Thank You, Veterans!

10731210_10204990072052349_3820551818430126158_nI’m wearing swastika-free socks right now. That’s a pretty obvious fact, I realize. But the point is, it’s obvious thanks to my father (lower right hand corner in the above photo) and many others like him.

3g03802u_photistoricOn the 11th day of the 11th month, the horror known as World War I ended. The date was appropriately named Armistice (“the laying down of arms”) and is still called 11-11-rememberance-dayArmistice Day in the UK, in France and New Zealand, and in many other countries. Some call it Remembrance Day. In the United States we call it Veterans Day.

Whatever you call it, thank a veteran when you meet them, and take a moment to pray for them–perhaps at the traditional 11th hour. It was their courage, after all, that helped make it possible for us to choose swastika-free socks, cars, homes…and lives.

About mitchteemley

Writer, Filmmaker, Humorist, Thinker-about-stuffer
This entry was posted in Memoir, Quips and Quotes and tagged , , , , , , , . Bookmark the permalink.

22 Responses to Thank You, Veterans!

  1. revruss1220 says:

    Thank you for this post. I am so grateful for men like your father and mine for everything they did for us.

    Liked by 2 people

  2. Vince700 says:

    Dad Navy end of World War 2 and Korea, Me Vietnam. So many gave their lives for the freedom that did not come free. I that the Lord for our country and the freedom we have.

    Liked by 2 people

  3. “Thousands died for my freedom. One died for my soul. I am eternally grateful.”
    Bumper sticker: “If you can read this, thank a teacher. If you’re reading it in English, thank a veteran.”

    Liked by 3 people

  4. Thank you for sharing with us 😉 Happy to get connect with you 🙂

    Liked by 1 person

  5. M.B. Henry says:

    Truth ❤ Wonderful picture!

    Liked by 1 person

  6. Roos Ruse says:

    Thanks to our veterans a cross covers my soul, not a swastika. Another excellent post, Mitch.

    Liked by 2 people

  7. Is it just me or do other people look at photographs of soldiers from the two world wars and just think they look *so* young? Maybe it’s because I’m getting old. My grandfather served in WWII. He had a bad leg and walked with a limp so he wasn’t allowed to be a ‘proper’ soldier, but he had some interesting stories to tell. His duties ran from manning the guns on the cliffs at Dover to chauffeuring a general in Egypt. I wish I had asked him which general it was – now I will never know!

    Liked by 1 person

  8. Mitch,
    “Thank you for your service”. is the word every day at the VA Medical Centers. Those who have served thank we who have served as well. Yes, we were young just like the Brothers before us and also after us. The finest hour of any young man is to serve the citizens of his country. Service is the basis for the founding of our country. I am always taken aback by those who thank me, as I felt that I was just a tooth in the great GEAR works that was doing what we felt needed to be done. Each year my service to my Country adds a greater meaning to my time of service. Thank you for remembering, through your Father.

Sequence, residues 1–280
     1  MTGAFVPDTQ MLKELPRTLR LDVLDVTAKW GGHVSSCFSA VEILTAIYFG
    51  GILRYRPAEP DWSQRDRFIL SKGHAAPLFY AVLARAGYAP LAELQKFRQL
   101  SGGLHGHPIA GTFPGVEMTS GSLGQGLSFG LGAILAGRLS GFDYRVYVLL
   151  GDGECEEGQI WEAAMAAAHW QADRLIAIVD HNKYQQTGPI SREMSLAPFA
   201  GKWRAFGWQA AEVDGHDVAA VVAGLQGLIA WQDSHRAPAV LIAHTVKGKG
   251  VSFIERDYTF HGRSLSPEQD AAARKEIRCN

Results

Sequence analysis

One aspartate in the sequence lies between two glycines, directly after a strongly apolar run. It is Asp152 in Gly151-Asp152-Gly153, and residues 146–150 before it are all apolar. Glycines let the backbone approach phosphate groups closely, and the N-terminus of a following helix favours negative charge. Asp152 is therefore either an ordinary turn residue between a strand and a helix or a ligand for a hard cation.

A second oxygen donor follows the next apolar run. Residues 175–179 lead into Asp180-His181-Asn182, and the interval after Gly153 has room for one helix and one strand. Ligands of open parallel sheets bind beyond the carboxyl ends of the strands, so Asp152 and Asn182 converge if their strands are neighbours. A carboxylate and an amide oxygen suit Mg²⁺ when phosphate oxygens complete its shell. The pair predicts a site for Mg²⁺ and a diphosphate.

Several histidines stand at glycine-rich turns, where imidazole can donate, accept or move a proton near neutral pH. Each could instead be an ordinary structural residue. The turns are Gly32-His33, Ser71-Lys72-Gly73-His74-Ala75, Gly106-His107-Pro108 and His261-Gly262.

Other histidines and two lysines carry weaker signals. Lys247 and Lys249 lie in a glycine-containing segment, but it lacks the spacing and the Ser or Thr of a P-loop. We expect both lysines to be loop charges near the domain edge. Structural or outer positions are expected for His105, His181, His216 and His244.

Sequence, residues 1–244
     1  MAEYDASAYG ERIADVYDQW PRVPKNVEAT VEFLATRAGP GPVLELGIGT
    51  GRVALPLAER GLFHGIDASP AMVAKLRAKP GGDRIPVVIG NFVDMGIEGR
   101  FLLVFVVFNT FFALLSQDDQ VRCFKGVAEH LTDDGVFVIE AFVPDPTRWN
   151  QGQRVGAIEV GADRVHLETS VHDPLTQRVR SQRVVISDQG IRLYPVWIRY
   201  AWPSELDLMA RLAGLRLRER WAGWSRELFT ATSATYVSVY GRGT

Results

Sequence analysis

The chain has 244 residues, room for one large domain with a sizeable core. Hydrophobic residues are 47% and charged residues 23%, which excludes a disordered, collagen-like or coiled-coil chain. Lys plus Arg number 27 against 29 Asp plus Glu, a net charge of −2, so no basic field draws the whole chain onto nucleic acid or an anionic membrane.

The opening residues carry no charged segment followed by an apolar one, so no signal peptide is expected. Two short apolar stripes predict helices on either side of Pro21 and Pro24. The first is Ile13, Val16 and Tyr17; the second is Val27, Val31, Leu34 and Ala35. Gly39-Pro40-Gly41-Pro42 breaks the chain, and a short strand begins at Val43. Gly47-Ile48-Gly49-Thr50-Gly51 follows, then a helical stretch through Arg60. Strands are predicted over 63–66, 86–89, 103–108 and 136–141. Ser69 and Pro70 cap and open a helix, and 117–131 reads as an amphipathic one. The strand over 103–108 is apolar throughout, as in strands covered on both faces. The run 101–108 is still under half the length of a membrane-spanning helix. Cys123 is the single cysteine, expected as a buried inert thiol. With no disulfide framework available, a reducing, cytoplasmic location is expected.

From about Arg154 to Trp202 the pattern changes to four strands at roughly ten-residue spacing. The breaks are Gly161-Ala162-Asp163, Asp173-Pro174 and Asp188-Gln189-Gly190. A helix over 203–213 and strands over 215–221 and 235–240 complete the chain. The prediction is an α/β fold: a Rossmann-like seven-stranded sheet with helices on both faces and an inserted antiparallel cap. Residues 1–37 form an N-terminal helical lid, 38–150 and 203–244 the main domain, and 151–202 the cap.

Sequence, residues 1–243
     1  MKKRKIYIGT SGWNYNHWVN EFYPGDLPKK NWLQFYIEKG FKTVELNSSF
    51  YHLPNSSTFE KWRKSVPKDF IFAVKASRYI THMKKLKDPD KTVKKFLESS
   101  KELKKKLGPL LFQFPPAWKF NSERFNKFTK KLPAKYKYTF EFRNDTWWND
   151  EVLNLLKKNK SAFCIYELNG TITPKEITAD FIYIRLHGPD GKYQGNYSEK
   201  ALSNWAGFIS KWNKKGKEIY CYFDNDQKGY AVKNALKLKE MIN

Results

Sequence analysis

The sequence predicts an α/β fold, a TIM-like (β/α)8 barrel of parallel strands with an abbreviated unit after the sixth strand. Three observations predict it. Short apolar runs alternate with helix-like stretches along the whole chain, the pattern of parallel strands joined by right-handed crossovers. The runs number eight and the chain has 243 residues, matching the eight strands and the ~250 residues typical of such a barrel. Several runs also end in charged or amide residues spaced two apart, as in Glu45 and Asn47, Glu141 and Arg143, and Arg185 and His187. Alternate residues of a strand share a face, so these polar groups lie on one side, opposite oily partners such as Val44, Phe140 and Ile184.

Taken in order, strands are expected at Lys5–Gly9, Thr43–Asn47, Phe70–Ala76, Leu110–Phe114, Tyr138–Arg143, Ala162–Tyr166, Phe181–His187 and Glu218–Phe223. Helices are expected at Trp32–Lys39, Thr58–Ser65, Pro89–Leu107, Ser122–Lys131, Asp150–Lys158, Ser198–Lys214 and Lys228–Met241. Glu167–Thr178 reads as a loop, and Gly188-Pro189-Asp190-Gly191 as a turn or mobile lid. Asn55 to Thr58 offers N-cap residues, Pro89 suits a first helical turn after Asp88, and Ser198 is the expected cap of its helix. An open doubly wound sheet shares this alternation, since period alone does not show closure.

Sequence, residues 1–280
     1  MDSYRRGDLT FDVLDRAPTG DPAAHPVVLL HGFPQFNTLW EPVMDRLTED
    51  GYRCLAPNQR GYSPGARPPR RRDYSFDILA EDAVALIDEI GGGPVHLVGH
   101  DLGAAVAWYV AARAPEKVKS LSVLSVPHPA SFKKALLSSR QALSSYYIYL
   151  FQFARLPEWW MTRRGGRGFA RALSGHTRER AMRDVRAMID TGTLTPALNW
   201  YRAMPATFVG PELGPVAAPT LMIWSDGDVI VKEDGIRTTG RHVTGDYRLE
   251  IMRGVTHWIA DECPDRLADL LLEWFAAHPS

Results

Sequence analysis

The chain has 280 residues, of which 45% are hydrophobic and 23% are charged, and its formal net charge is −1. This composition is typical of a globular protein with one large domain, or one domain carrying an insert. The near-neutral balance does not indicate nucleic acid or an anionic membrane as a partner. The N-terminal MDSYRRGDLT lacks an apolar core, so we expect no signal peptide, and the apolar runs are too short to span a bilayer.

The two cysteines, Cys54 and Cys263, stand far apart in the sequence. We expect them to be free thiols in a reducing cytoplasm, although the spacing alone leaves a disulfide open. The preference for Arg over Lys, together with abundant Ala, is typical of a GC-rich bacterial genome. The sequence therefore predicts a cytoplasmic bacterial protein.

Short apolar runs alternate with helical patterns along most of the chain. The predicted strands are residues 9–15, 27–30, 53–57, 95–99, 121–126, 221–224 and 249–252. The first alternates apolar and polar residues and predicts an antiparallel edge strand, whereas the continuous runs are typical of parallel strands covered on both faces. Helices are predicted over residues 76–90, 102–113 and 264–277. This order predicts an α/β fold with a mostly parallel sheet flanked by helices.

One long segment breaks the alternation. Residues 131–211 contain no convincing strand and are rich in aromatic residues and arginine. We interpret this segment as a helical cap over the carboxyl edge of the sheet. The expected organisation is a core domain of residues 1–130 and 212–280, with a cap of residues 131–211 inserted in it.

Liked by 1 person

  9. gpavants says:

    Hi Mitch,

    Yes! Thankful for those who served and serve now. We have such wonderful freedoms because of our vets.

    Hope the movie-making is moving! In Christ,

    Gary

    Liked by 1 person

  10. So grateful for Veterans! Especially to my son who served. Your service is appreciated.

    Liked by 1 person

  11. TEP336 says:

    My great-great-grandfather was a Soldier who served in the 35th Infantry Division during the Meusse-Argonne offensive in WWI. He was a machine gunner who underwent his Basic training at Camp Doniphan, OK. I never met him.

    My great-grandfather was a Marine who served in the 3rd MarDiv during WWII. He was a mortarman who fought his way, tooth and nail, across Iwo Jima. We lost him at the age of 82, nearly 20 years ago.

    My grandfather was a Vietnam-era vet who served in the Air Force. Through circumstances beyond his control, he was unable to deploy to Vietnam, a fact that I know troubled him for many years after. We also lost him nearly 20 years ago, at the age of 58.

    I enlisted into the Army National Guard in 2005. Since that time, I have served one tour in Iraq, and State Emergency Duty during the rioting in Ferguson. I am a Medic, and my contract is ending in nine months.

    I have chosen not to reenlist, as my knees can no longer handle what the job requires. This fact was hammered home this Veteran’s Day, while I was on a training rotation at Ft. Polk, La.

    I spent three weeks in full gear, during a war exercise that was as fun as it was painful. Still, I’m thankful it was my last. My guys deserve a Medic who can physically take care of them, and I’m presently in his way.

    I don’t ask anyone to thank me for my service. I would have done it, thanks or no thanks. If I had it to do over again, there are things I would have done different, but I still would have served. I also know my grandfathers would have been very proud of me, and that does something I can’t describe.

    Liked by 1 person

  12. TEP336 says:

    One last thing. My great-great-grandfather underwent his Basic at Camp Doniphan, OK. Today, Camp Doniphan is surrounded by what is now known as Ft. Sill, OK. This would be the base I was assigned to for my own Basic Combat Training in 2006.

    Liked by 1 person

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